How Improving Provider Education Can Improve Response to Children's Exposure
By the National Institute for Children's Health Quality (NICHQ)
Today is Children's Environmental Health Day — a day to promote that all children deserve clean air, clean water, safe food and products, and healthy places to live, learn, and play. With the right policies and systems in place, many environmental threats and exposures can be prevented – as you'll see in a story we'd like to share.
This story is about a family's struggle with lead poisoning, which is considered the most preventable environmental disease among young children. In more than 4 million homes across America, children are living and playing while being exposed to the toxic effects of lead. This means that millions of children have a higher risk of neurological damage and are more likely to face learning difficulties, behavior and speech problems, hearing loss, and other health and developmental concerns.
The story of Sarah and her young children comes from Alabama, one of the states participating in AMCHP's Maternal and Child Environmental Health Collaborative Improvement and Innovation Network (MCEH CoIIN). NICHQ provides quality improvement expertise and technical assistance for the MCEH CoIIN as it seeks to improve states' systems of coordinated care.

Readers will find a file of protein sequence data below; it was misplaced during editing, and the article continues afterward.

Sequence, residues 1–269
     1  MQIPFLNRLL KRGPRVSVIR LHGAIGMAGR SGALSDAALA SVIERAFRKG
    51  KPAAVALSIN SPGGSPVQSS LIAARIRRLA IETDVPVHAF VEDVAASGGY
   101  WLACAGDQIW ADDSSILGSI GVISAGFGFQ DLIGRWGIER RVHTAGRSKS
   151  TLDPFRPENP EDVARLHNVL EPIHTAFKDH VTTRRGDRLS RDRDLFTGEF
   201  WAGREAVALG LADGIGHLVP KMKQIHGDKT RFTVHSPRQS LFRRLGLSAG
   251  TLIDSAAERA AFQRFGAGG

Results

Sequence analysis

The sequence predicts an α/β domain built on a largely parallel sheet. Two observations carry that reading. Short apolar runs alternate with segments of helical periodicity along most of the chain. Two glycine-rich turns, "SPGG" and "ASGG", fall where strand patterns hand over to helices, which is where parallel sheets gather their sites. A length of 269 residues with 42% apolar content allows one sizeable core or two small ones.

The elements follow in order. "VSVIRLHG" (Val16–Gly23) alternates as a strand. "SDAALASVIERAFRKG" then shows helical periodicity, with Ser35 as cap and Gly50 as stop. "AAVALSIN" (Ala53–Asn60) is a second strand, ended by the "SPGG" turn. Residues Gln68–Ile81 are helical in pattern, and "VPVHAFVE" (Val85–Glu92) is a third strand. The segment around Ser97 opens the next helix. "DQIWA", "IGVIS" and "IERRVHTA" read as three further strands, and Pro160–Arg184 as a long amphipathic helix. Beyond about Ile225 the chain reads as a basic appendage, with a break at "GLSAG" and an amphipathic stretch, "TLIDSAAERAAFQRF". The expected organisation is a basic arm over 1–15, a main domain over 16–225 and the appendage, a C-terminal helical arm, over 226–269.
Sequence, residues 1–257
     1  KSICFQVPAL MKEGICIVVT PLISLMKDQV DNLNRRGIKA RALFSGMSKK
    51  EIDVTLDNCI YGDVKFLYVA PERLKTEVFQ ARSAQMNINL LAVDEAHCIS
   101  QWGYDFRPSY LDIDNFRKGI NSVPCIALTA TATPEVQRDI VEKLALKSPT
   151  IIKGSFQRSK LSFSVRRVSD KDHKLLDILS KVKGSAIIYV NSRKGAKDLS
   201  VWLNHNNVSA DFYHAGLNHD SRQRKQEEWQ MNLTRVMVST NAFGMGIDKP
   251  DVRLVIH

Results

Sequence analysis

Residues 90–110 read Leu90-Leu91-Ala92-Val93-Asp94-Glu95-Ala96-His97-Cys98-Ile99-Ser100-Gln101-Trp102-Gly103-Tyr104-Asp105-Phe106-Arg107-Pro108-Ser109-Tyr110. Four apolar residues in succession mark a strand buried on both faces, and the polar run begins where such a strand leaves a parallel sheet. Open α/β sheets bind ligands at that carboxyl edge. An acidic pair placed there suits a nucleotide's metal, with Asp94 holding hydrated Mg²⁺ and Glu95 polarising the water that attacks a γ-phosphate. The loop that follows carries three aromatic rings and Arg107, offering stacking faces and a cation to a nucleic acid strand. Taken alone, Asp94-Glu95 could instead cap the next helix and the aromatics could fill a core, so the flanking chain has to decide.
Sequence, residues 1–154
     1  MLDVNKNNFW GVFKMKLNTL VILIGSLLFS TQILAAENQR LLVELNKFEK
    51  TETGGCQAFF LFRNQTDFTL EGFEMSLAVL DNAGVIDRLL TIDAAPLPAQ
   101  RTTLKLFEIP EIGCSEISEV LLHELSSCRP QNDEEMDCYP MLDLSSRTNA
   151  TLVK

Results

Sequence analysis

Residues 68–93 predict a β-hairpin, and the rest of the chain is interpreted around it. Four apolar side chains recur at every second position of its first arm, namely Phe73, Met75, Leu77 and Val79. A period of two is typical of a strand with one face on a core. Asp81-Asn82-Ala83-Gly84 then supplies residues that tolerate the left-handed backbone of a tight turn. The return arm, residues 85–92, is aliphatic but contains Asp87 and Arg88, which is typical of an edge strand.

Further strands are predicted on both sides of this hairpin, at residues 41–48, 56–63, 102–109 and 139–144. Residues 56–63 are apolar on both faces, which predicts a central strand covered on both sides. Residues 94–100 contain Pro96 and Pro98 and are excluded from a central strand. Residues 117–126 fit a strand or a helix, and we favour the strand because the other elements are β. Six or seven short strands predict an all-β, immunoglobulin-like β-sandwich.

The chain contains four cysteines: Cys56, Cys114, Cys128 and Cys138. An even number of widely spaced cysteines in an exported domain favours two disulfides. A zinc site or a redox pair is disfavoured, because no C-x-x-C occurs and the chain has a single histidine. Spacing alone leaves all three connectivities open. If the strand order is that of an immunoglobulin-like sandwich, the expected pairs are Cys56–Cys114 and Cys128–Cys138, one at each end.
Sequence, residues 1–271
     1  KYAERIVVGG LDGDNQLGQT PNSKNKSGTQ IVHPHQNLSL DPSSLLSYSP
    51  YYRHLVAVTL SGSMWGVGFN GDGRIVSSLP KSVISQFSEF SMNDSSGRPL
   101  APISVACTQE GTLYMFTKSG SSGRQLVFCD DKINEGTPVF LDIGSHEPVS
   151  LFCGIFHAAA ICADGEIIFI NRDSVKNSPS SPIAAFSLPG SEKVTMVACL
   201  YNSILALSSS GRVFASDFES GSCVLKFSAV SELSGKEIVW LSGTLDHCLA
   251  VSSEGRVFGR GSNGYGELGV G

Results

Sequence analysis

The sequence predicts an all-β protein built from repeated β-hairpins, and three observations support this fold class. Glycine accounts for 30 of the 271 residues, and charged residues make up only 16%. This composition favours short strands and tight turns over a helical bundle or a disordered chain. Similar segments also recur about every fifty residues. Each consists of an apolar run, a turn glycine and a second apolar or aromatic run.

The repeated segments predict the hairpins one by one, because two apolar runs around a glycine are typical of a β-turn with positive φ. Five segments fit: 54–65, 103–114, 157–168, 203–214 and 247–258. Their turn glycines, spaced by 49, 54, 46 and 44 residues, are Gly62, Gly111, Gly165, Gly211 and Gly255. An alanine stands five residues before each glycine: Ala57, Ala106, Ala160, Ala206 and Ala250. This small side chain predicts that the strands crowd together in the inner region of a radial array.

Sarah's story illustrates why improving provider education is an important driver for states seeking to improve those systems: It leads to earlier testing, early and effective interventions, and the coordinated care families need so that more children have the opportunity to grow up in healthy, safe environments.
Sarah* is a single mom with four children under 13. When her youngest child (3 years old) tested positive for lead poisoning in January 2017, Sarah found herself faced with the burden of removing the lead from her home. As recommended by her health department, Sarah began a regimen of constantly mopping areas where lead and dust might collect, and she painted over peeling and chipping paint. She did all of this while managing the demands of her home and the care of her four children.
Cleaning tip: Dirty lead water, such as from mopping, should be flushed in the toilet rather than the sink so that lead residue does not get into food or dishware.
"Too often, families affected by lead poisoning have trouble correcting the cause of it," says Seratia Johnson, R.N., program director for the Alabama Childhood Lead Prevention Program and team lead for Alabama's CoIIN team. "It's not a lack of willingness to change; it's a lack of resources. Time constraints, financial challenges, and other social determinants can make it difficult for families to make the change quickly.
"Each day that goes by without that change becomes one more hazardous day for the children in the home."
Moreover, Johnson shares, families are often left confused about the severity of lead poisoning. Sarah's provider shared her child's test results, but Sarah didn't understand why heightened lead levels were so harmful to her child's development. It wasn't until months later, after talking to other specialists, that Sarah realized she'd been given inadequate and unclear advice at the initial diagnosis.